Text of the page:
Driving across the bridge yesterday, I was ambushed by the beauty. Sweet wisps of fog dancing on the river’s surface as the sun rose.
One of the challenges of mourning is making space for beauty. To some extent you live in a fog. One foot in front of the other, doing what needs to be done. Staring into space, occasionally curling into a ball.
I have gotten by with a great deal of help from my friends. One of the odd things about grief is that you’re very muzzy-headed, so to have to make loads of decisions is hard. But the ending of a life brings nothing but decisions. and stuff. it brings lots of stuff. and I am so easily overwhelmed by stuff and details in the best of times. so you can imagine how it is now.
There have been angels. People who swoop into my life and in an hour or two, make it different. People who offer. People who write or call. people who prop you up. People who surround you because your boundaries are about as fuzzy as your brain. I’ve recently taken to describing this brain as acid etched. Whole pieces are missing.
I’ve partnered with grief enough to know that your brain eventually rebuilds, the holes reconnect — but in the meantime. sheesh. It’s the silly things, you know. A book in the series of a favorite author came out and I fell on it joyfully. Distraction. But I found myself really annoyed that she was referring to a period in this character’s life as if I should know it. Why would I know this? I was almost finished with the book when I realized, oh, I should know this because the last book was about this. But I’d completely forgotten. When I finally fished the book out of my shelves, I remembered, but it was gone.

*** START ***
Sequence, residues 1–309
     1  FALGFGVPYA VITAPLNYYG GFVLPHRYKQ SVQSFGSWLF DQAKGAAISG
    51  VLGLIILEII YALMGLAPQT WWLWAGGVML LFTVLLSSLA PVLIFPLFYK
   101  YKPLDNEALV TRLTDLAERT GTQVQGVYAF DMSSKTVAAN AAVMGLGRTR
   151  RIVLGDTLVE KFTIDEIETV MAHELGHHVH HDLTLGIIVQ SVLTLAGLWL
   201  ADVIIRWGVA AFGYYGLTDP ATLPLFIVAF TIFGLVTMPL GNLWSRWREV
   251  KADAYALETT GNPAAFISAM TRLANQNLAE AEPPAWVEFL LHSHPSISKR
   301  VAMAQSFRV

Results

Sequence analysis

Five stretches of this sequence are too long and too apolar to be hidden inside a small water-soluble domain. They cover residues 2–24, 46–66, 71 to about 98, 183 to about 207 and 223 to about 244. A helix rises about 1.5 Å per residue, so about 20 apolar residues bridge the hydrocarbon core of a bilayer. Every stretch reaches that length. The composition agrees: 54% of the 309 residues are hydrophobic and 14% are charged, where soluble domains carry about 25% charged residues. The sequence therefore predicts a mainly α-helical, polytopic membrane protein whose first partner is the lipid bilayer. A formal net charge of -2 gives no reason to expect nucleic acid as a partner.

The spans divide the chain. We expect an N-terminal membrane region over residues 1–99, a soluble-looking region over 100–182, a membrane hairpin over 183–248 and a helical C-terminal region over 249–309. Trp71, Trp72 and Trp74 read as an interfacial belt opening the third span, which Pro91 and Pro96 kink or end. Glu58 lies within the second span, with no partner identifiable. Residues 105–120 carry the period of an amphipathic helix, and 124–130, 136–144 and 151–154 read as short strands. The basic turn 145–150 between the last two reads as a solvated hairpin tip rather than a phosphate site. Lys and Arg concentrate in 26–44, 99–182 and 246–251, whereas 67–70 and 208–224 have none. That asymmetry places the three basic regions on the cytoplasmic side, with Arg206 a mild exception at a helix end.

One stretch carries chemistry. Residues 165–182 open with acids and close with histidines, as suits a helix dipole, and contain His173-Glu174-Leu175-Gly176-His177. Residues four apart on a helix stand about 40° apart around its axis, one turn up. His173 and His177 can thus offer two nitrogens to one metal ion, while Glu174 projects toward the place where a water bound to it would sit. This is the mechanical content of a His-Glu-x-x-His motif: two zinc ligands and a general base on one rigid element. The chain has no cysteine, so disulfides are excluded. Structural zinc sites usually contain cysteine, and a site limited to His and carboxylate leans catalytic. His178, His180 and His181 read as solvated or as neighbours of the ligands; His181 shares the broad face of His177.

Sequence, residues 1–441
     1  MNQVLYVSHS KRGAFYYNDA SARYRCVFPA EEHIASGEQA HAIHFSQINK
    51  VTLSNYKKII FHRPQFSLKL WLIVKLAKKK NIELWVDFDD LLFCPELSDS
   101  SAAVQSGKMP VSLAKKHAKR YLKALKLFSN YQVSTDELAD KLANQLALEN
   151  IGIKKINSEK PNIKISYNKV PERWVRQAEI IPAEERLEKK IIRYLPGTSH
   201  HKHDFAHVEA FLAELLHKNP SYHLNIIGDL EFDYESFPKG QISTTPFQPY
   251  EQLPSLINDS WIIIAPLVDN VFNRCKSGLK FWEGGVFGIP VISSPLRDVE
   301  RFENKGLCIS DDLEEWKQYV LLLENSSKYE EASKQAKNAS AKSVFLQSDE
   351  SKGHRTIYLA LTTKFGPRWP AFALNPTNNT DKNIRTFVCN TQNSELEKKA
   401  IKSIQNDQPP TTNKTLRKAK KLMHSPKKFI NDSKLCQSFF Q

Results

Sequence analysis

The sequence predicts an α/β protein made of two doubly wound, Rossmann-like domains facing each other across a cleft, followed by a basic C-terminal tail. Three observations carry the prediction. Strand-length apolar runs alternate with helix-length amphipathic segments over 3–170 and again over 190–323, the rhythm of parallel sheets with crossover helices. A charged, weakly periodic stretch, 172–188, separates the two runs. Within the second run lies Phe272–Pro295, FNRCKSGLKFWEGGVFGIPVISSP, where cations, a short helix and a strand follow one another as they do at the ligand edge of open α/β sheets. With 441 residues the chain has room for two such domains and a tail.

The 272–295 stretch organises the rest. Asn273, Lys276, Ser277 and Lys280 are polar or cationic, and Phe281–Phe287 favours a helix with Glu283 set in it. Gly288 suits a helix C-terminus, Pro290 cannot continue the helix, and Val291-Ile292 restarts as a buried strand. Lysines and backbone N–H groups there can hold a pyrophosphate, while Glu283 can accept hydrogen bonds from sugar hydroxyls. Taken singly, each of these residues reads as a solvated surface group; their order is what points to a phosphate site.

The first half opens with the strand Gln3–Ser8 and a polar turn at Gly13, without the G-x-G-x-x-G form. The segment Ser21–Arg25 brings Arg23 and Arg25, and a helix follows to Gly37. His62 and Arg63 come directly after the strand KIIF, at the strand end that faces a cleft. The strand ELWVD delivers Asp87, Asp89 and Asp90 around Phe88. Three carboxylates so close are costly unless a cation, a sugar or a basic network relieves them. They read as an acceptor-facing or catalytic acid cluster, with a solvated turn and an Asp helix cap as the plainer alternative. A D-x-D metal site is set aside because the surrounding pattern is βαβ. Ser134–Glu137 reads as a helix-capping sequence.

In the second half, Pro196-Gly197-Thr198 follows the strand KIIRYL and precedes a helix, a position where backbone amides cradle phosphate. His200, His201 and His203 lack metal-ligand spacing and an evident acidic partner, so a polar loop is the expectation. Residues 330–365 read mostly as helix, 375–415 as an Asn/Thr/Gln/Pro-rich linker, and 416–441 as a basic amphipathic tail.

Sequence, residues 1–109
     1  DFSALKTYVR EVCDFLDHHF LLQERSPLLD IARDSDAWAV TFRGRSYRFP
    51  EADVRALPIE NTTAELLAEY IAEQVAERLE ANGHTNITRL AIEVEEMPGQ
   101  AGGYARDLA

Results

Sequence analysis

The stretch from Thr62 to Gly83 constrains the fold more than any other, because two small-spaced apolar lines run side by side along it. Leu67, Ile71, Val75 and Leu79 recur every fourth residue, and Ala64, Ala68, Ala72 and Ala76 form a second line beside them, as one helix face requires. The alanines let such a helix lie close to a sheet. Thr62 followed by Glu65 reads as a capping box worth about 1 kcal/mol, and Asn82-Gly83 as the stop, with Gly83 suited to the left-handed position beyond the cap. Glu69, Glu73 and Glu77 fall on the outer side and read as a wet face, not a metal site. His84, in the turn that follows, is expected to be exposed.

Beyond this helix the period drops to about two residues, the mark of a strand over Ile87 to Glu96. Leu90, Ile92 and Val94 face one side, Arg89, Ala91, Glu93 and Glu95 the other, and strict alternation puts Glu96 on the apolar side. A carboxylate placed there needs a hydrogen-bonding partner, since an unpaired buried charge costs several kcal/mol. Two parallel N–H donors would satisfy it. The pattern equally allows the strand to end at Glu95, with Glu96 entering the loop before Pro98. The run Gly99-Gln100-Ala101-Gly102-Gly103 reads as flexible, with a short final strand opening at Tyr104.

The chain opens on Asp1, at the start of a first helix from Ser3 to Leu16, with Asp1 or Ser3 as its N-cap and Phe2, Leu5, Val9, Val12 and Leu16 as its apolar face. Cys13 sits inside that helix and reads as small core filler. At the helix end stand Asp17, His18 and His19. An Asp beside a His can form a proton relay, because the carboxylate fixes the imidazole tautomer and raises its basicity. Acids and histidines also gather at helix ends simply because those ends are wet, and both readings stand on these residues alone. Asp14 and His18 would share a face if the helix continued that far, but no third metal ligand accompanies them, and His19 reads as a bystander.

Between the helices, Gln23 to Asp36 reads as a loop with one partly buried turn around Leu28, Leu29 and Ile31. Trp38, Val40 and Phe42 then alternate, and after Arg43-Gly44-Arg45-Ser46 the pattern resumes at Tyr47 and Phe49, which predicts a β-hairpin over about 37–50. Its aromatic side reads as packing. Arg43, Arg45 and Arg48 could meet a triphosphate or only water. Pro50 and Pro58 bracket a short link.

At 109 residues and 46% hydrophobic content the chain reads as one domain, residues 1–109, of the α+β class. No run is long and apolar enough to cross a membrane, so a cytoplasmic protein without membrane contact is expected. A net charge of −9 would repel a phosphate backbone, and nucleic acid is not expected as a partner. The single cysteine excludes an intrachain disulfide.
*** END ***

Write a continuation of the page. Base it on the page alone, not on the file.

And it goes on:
If grief had not been a frequent companion in my past, I might have panicked. As it was, I thought, “Ann, pay attention, because you’re not working with a full brain. Keep your expectations low… and be safe.”
So to have beauty pierce the fog of mourning is delightful. And what was lovely was that it wasn’t only my fog that beauty was piercing. It was also piercing the fog of the morning, no “u.” And while all the heavy fog had fled, there remained small columns of vapors drifting together across the water. It was exquisite. Last week I drove through the Poconos and the colors were changing. Every once in a while a tree would scream color and beauty and dare me to ignore the bounty. I was about to talk how Autumn is particularly beautiful, but perhaps what I need to say is that each season has a particular beauty that opens us, and helps us remember that this will end.
Wisps of Peace. All I can appreciate; all I can withstand at the moment. But still, Beauty is. Hope is. Peace is. Even in the fog of mourning.